K. Istace, RVT
Pet owners are often reluctant to make an appointment to have their pet’s teeth cleaned. To increase compliance, we must find out why.
The first thing that you should do is address your client’s concerns. Is she worried about having her pet undergo a general anesthesia? Sometimes, you may find that the client has more than just a vague fear: a previous pet or even a human family member may have had a very slow recovery or died after anesthesia. Let your client know that her fears are common, but that advances in pre-anesthetic health screening, anesthetic drugs, and anesthetic monitoring during the past decade have minimized the risks of anesthesia for dental cleaning, even in older pets. Of course, your hospital must be capable of providing all of the above. If the pet is compromised in some way, such as with heart or kidney disease, you may want to offer referral to a board-certified veterinary dentist who will best be able to accomplish any required dental work in the least amount of time spent under anesthesia. Referral to a board-certified veterinary anesthesiologist may also help ease the client’s anxieties.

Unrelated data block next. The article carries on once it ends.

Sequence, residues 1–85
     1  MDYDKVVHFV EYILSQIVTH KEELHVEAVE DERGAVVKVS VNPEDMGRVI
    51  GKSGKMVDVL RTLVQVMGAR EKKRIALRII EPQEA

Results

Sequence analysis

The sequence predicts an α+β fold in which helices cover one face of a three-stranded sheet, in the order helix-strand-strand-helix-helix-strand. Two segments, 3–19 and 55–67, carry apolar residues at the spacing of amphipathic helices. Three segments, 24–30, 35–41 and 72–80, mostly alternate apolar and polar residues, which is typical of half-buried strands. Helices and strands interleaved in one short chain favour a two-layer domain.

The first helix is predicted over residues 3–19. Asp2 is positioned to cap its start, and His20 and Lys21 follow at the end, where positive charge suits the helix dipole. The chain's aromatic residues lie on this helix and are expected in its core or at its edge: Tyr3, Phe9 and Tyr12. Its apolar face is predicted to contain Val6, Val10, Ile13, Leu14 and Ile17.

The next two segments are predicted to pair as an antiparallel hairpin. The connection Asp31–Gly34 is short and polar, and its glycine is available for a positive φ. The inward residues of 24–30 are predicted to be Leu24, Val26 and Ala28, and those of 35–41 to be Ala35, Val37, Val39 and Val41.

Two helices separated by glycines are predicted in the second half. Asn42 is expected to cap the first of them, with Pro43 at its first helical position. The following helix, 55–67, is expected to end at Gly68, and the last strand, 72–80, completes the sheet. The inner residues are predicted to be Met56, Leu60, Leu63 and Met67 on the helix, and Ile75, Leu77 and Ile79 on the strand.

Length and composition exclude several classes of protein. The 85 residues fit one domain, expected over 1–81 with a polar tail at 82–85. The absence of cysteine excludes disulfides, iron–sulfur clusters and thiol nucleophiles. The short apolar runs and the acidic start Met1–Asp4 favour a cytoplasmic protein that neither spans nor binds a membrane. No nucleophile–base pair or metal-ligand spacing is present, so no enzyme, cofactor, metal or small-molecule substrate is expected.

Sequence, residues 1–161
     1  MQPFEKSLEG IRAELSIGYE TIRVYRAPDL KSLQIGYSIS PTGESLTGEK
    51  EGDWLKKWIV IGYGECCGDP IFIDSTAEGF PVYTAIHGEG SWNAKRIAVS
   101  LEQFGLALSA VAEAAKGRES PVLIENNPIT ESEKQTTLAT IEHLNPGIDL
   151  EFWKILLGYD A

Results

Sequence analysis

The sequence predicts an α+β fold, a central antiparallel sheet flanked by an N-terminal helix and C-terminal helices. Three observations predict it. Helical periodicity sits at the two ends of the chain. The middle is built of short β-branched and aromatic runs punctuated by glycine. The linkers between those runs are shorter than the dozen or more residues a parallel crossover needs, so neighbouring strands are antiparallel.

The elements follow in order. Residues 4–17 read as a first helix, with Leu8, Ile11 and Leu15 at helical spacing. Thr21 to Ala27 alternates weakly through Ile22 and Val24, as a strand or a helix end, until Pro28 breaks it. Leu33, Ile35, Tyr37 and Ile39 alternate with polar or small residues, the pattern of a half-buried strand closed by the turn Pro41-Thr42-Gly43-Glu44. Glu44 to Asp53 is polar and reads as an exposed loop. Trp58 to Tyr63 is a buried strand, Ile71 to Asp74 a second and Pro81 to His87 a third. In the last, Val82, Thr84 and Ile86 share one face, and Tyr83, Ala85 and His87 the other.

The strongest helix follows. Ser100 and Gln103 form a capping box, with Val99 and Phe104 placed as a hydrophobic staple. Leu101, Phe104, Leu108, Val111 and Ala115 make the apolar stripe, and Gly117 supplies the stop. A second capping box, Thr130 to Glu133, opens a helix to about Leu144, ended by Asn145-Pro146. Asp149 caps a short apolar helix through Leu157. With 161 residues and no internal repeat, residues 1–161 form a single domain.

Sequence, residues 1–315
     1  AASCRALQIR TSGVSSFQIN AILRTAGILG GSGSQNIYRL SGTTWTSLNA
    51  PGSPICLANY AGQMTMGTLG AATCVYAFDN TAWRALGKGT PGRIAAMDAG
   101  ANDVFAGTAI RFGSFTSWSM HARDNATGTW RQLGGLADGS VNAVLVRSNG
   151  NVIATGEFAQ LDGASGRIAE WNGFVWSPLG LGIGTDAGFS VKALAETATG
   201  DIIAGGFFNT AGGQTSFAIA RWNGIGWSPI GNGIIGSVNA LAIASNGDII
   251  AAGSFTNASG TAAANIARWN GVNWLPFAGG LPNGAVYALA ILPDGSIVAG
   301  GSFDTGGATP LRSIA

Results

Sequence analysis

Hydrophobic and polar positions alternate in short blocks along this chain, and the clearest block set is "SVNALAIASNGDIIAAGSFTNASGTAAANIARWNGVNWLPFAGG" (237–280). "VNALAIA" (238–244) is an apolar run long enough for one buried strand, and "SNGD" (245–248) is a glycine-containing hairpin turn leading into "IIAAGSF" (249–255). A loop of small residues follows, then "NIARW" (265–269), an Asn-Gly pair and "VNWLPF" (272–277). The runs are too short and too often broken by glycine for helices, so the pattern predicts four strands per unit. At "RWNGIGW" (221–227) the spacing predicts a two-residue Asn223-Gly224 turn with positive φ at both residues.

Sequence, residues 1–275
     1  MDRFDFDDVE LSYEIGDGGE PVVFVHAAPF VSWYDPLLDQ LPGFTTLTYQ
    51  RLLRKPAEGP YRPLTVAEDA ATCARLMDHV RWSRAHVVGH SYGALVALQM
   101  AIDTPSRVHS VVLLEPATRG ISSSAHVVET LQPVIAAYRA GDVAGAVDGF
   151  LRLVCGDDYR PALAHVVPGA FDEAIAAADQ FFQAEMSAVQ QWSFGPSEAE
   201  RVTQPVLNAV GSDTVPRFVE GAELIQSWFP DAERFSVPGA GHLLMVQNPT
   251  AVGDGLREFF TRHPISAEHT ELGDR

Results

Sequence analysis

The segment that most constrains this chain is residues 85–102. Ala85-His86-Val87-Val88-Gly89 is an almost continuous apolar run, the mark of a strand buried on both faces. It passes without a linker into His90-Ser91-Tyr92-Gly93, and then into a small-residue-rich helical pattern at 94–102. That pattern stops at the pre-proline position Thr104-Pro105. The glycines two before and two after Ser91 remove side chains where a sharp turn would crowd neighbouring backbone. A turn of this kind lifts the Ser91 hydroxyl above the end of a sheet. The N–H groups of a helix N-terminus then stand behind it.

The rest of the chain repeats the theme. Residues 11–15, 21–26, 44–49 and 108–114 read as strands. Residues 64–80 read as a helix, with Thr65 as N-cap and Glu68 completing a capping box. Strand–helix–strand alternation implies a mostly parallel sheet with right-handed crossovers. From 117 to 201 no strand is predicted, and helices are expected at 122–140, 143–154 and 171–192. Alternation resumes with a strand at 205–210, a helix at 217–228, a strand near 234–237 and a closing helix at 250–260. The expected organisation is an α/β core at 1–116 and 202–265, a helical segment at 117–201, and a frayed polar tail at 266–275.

Fear over general anesthesia may not be the driving force behind your client’s objection to scheduling the dental procedure. The client may not see the necessity of paying for anesthesia when he can have his own teeth cleaned while awake. In this case, the onus is upon us to educate the client about how periodontal disease develops and how it is treated. Because human patients are able to understand what is going on and cooperate, dental scaling of human teeth can be performed by a professional hygienist without anesthesia. In dogs and cats, however, access to the most important areas of a dental scaling (below the gum line where periodontal disease begins) is impossible while the pet is awake, not only because it’s unlikely we will be able to get him to lie on his back under a bright light while holding perfectly still with his mouth wide open for a prolonged procedure, but because the areas under the gum line are often much more sore and diseased than comparable areas in a person’s mouth due to lack of oral hygiene. Even a pet without any sore areas in his mouth would be frightened by all of this unusual poking around in his mouth, and only a small flinch during a dental scaling could result in severe damage to the oral tissues of the pet, not to mention the loss of the fingers of the technician!